By Kate Hunger
Associate Professor Bradley Tragord, PT, DPT, DSc, OCS, FAAOMPT, was five years into his military career when he decided to become a physical therapist.
“I had more of an inclination to interact with patients, and when I learned I could still stay in the Army and do that, it was a slam dunk,” said Dr. Tragord, who recently joined the faculty of the Department of Physical Therapy after retiring from the Army with more than 22 years of active-duty service.
He joined the Army as a commissioned officer after graduating from Missouri State University, where he majored in chemistry and biology, played Division I tennis and participated in Army ROTC. From 2002–2004, while working as the budget officer for a health clinic at the Pentagon, Dr. Tragord volunteered with wounded warriors at Walter Reed National Military Medical Center to gain the clinical practice observation hours he needed to apply to PT school.
Dr. Tragord specializes in outpatient orthopaedics and most recently served as an associate professor on faculty with the Army-Baylor Doctoral Program in Physical Therapy at Joint Base San Antonio-Fort Sam Houston. He is excited to be part of the UT Health San Antonio community and is looking forward to sharing his own experiences as course director and primary instructor for the Management of the Patient with Musculoskeletal Dysfunction course he is teaching this year.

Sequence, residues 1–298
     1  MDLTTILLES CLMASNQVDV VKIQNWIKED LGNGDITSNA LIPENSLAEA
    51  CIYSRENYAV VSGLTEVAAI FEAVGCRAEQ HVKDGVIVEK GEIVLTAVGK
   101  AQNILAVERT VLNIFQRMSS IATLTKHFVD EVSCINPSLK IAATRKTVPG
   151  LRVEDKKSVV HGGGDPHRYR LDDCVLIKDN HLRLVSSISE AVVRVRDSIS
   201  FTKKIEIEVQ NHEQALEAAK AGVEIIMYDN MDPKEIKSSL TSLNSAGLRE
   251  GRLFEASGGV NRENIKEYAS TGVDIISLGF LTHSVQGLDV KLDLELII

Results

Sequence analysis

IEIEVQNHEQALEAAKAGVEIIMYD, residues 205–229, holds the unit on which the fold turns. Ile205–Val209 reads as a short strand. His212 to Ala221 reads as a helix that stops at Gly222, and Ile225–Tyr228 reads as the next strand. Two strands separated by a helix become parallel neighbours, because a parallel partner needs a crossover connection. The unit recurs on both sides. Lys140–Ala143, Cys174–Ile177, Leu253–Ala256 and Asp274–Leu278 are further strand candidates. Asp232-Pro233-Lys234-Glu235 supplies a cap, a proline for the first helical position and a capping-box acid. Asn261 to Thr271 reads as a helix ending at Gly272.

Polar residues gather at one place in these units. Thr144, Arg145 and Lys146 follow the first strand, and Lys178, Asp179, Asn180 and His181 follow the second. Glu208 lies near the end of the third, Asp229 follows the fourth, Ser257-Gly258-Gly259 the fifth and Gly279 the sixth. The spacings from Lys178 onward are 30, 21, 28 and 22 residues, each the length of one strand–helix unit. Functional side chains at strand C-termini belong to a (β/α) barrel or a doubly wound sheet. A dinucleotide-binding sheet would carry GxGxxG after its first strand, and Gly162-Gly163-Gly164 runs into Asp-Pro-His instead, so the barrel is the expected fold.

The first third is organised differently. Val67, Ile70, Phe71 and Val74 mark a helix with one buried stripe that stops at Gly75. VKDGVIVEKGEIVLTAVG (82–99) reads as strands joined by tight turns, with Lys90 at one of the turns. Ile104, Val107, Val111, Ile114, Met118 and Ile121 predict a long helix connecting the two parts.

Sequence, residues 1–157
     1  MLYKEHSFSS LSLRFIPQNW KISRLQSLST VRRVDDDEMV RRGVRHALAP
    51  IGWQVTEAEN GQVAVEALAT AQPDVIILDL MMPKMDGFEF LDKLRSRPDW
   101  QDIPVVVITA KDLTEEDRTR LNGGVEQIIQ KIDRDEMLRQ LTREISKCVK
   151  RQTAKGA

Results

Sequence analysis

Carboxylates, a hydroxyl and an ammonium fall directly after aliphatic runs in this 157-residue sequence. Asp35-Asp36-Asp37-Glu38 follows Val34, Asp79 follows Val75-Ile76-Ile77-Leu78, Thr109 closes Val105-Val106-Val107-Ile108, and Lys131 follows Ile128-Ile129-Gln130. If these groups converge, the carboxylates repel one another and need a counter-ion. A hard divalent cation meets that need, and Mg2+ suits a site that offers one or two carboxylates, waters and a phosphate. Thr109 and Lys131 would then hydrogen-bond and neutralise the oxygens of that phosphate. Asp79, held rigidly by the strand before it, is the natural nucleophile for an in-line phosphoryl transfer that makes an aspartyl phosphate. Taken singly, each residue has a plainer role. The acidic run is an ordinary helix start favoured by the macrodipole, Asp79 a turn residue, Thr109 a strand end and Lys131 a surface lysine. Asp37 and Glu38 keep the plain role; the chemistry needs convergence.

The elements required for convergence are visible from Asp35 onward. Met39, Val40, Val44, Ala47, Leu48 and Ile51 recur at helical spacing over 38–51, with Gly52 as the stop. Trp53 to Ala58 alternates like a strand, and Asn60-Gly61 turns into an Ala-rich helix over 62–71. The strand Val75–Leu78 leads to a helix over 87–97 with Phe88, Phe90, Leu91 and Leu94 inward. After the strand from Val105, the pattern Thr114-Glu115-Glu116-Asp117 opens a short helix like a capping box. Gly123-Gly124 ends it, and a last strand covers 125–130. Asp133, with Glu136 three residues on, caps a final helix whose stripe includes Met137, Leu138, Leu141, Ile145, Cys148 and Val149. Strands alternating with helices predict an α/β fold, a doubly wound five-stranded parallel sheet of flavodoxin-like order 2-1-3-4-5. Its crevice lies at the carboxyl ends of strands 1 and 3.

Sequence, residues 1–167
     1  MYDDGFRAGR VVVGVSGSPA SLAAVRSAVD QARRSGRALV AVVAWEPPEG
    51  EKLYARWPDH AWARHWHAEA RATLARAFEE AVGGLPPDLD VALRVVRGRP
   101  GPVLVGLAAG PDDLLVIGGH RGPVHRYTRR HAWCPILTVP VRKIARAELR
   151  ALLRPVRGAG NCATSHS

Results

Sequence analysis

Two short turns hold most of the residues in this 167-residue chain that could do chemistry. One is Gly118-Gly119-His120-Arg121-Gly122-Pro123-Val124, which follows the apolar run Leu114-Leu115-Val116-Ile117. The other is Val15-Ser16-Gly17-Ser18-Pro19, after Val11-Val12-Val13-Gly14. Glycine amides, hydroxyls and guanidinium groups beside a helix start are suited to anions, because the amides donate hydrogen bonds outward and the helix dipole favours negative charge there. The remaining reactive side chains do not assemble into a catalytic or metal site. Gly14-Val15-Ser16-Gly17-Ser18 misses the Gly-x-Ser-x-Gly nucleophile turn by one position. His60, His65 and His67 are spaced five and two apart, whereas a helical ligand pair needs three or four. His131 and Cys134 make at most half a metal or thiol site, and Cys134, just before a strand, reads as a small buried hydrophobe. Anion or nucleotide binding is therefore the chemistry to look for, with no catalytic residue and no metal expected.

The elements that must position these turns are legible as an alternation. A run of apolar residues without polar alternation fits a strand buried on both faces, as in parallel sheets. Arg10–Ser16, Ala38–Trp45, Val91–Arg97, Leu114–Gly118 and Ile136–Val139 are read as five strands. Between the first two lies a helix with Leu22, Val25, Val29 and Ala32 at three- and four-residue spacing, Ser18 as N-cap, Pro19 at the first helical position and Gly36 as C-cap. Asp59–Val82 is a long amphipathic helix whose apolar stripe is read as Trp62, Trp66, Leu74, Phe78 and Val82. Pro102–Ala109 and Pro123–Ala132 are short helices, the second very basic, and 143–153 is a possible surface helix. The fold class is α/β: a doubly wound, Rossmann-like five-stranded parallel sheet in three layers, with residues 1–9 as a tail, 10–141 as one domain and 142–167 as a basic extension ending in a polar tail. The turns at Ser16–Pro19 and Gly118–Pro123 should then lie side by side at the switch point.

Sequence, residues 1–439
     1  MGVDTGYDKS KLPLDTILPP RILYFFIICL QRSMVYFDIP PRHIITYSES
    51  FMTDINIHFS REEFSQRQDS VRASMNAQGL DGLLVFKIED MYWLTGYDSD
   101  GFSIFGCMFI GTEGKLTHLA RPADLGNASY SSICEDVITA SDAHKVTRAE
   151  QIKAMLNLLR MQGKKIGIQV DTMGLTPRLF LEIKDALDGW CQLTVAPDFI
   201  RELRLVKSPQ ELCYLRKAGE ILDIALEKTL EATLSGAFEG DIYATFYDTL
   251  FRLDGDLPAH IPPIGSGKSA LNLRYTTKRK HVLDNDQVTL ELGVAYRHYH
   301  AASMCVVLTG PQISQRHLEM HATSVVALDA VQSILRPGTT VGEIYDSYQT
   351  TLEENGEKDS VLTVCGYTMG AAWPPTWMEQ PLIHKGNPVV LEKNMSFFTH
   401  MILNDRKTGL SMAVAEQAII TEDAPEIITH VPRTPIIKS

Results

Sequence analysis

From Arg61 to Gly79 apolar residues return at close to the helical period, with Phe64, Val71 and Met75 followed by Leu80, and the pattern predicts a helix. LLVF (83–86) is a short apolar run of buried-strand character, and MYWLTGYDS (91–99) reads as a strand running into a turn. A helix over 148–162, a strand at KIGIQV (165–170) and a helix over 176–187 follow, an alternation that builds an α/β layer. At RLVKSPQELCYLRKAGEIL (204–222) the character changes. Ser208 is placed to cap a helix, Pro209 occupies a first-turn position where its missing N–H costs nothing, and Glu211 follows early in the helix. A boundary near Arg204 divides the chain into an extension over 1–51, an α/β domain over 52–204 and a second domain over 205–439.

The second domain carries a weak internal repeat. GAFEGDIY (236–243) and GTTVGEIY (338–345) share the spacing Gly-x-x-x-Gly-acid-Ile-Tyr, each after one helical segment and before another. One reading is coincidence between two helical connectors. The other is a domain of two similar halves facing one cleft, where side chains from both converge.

“That is my No.1 priority — to deliver as cleanly as possible the material the students need and to share some experiences I’ve gone through,” he said.
Dr. Tragord’s experience is an asset not only to students, but also to the department, school and institution, said Department Chair and Associate Professor Greg Ernst, PhD, ECS.
“His extensive experience and fellowship training in the management of patients with musculoskeletal disorders will greatly benefit our students,” Dr. Ernst said. “His leadership experience as a U.S. Army officer will enable him to have a great impact in the department, school and university, as well as providing meaningful mentorship to our students.”
With interests in clinical education, direct-care orthopaedic physical therapy, bone stress injury management and manual therapy mechanisms, Dr. Tragord is particularly interested in understanding the optimal dosage of hands-on movement for improved patient outcomes.
“We need to be really good at dosing both manual therapy and exercise therapy,” he said.